As the scope of the incident comes into focus, CISOs should be assembling the full complementary team they’ll need to respond – all the executives needed to make decisions; the security and IT practitioners with the skills needed for response; the right representatives from communications, human resources, legal and other functional areas; and any external resources required. CISOs also need to know whether and when to bring in law enforcement, and which agencies to involve, another element that should be outlined in advance so there’s no scrambling during the incident, says Randy Trzeciak, director of the Master of Science in Information Security Policy & Management (MSISPM) program at Carnegie Mellon University.
7. Track your actions
Notes on the investigation, priorities, accomplished tasks, ongoing activities, unresolved needs and other details must be effectively documented and efficiently disseminated, McMann says, adding that Word docs or emails typically aren’t good vehicles for such information-sharing and archiving.
He stresses the need for a good knowledge management system or communications platform for sharing and recording data during the incident response—another point that he says is often overlooked during a real event.
“You have to have a platform that collects and stores information and the findings, all the open questions. That has to be collected, organized, and made sense of because that information levels up to the incident coordinators so CISOs or their deputies can distill the information and make decisions,” he says.
8. Coordinate the counterattack
As investigation turns to action, CISOs need to coordinate their moves against the hackers—whether that means booting them out right away or taking time to monitor their activities before striking against them, Biasini says.
“They’re going to have more than one foothold, so you want to kick them out of all the footholds at once. Be as thorough as you can, so you’re not playing Whac-A-Mole,” he says.
9. Work the plan
CISOs, other executives, and all responding teams need to stick to the incident response plan, and resist taking over tasks outside their assigned roles, experts say.
“You have a playbook. Make sure that’s being run and you don’t take it over. Your plan as a leader is not to step in unless it’s assigned to you,” warns Jeff Pollard, vice president and principal analyst at Forrester Research.
Leaders in crisis are often tempted to jump into the trenches, but they, like everyone else, can best contribute by focusing on their own work. CISOs who start reviewing log data or jumping on keyboards actually create bottlenecks in the response and delay other critical tasks that only they can do, such as communicating to the board.
10. But adapt as needed
Even the most detailed and practiced incident response plan can’t account for every potential scenario, a new threat or a novel technique, so CISOs and organizations as a whole must know when to pivot and be able to adapt their response to the realities they’re facing during the actual event.
“There’s always a curve ball,” Pollard says.
He points out that ransomware attacks at one point morphed, with hacker groups not only holding encrypted data hostage but then, after getting paid the ransom, threatening to release stolen data if another ransom isn’t handed over. Somewhere there’s a CISO who was first to see that and had to figure out on the fly how best to counter—which, Pollard says, confirms the need for security leaders to be agile.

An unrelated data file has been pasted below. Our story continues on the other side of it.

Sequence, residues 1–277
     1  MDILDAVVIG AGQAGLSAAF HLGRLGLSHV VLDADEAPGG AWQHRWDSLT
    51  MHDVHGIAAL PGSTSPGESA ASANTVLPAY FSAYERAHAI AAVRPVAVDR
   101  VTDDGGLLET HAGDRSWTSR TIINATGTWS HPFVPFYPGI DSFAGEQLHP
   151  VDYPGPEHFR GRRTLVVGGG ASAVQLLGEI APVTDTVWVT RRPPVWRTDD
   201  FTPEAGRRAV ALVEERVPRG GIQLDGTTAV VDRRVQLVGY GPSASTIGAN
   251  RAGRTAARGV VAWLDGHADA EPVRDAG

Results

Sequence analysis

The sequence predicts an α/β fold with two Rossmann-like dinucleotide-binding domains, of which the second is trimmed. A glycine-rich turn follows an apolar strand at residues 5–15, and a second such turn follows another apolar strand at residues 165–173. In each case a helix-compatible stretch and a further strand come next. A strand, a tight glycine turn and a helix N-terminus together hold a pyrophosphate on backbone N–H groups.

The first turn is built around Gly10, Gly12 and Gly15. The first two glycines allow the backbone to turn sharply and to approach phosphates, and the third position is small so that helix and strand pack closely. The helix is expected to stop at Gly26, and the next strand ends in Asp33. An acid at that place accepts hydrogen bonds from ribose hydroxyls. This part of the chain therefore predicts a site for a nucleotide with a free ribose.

11. Alert others
CISOs won’t be able to hide an incident, and in many cases they can’t legally try to do so. That means they must work with their legal and communications teams to plan what they should say, when to say it, how to deliver the message and to whom.
“Know your points of contact, create a clear concise story, and get everyone on the same page,” Graham says.
CISOs should also alert other internal and external security officials, Pollard adds.
“When there’s an attack, sharing becomes an afterthought or it’s a concern because of the possibility of litigation, but find out what you can share, so you can let your team know what they can and can’t talk about, and let others know they should check their environments even if you’re not able [to say that you’ve been breached],” he says.
Not only does that help prepare other CISOs, Pollard adds, it helps the responding CISO quickly know whether the vulnerability or attack is unique to his or her organization or part of a larger issue.
12. Stay calm; tend to staff needs
Security professionals will know the gravity of the situation, so angry or frantic reactions won’t get anyone to work harder or scare off the adversaries. In fact, such reactions can do more harm than good. As Pollard says: “It’s going to be a crisis, but it doesn’t have to be chaos. We can work a crisis; no one can work effectively in chaos.”
He and others say CISOs and their executive colleagues are better served by being attentive to their workers and their needs.
Goerlich says he has seen teams “run themselves into the ground” by working long hours without breaks and even a day or more without sleep. Although that grueling schedule shows a level of dedication, it’s likely to lead to mistakes.
“People get into their zones and work well beyond the times that they should,” Goerlich says, noting that CISOs should plan for clear lines of communications, caps for work hours, staggered schedules, and post-event time off. He adds: “As much as possible, organizations should think out in advance how to handle the human elements.”